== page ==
- Deliverables: This should describe what will be obtained and/or created from this project. Since you’re making a game, you’d want to say that a fully playable, completed game is the final product, as well as explain why your project is worthwhile.
- Industry Impact: Since the release of your game is likely going to affect the industry, even if it’s in a small way, you want to describe how your game is going to impact the industry and other games in the same genre. This would also be a good place to explain what makes your game unique and how it could give you the upper hand against competitors.
- Game Summary: This section should be a quick sum-up of the game and your plans for development. There’s no need to include too many details since you should have described everything well enough above.
At first glance, the presentation may seem like the easiest part of the project proposal, but don’t be fooled; you’re going to be presenting in front of some important people and it can be extremely nerve-racking. Using the one-pager, research outline, and actual project proposal, you should be able to come up with a solid presentation in a program like PowerPoint, but showing off your skills in PowerPoint is only half the battle. It should be noted that you don’t want to make your presentation too flashy; there’s no need for crazy animations or absurd pictures, but that doesn’t mean it can’t look nice. When it comes time to present, try to stay calm and confident. It might help to rehearse your presentation beforehand so you can nail the real thing. If it’s a more professional proposal, you might need to have handouts of your proposal ready to go for the audience. Try your best not to read things straight from the slides and always try to make eye contact with everyone in the room. It’s also important to talk loud enough so everyone can hear you, and never ever put your hands in your pockets or mess with your cell phone. In fact, just leave your cell phone off and in another room or in your bag, if you can. You should also dress appropriately, which will usually mean no t-shirt and jeans. If you’re not feeling too nervous, try to maintain good posture and maybe even walk around a bit to keep the audience focused on you and not the slides. As fantastic as your PowerPoint may be, you need to sell them your idea, so don’t rely too heavily on your presentation.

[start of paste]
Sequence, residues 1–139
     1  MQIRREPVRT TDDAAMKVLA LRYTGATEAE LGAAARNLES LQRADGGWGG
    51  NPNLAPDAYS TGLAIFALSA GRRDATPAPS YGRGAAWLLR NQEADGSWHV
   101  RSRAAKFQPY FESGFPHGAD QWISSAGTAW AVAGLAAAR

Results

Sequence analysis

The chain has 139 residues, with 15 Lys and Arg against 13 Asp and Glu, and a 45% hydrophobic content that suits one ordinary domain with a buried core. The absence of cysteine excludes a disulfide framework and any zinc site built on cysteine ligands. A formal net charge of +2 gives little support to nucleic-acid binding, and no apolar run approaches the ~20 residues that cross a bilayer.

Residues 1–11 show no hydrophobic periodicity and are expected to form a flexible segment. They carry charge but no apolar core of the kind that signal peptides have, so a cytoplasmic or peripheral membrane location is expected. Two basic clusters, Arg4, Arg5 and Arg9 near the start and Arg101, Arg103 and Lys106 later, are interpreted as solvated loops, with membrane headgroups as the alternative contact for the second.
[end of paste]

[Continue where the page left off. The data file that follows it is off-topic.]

After you’ve given your presentation, it’s likely going to be time for feedback. This could occur at the end of your presentation or at a later time or date, so it’s important to be prepared either way. When you do receive feedback, try to stay relaxed and just listen. It’s perfectly fine to try to defend your proposal, but don’t take things too far and never make it seem like you’re attacking the audience. Remember, these might be the people who are going to let you make your next big hit, but if you don’t treat them with respect, they’re probably not going to approve of your project. If someone gives you negative feedback, which they will, just thank them for their advice and move on; there’s no reason to get upset if someone doesn’t like your idea. No matter how your feedback turns out, always be sure to thank the audience for their time and feedback. Once you get back home, actually take their feedback into consideration. If you were approved, you might want to jot down the recommendations they made and add them into your game. If you were denied, don’t get discouraged; think of this as a learning opportunity so you know what to expect next time and how you can improve.
I haven’t presented very many project proposals, so this is still a bit new to me. If you have anything you’d like to add, please feel free to let me know by commenting below. Thanks for reading!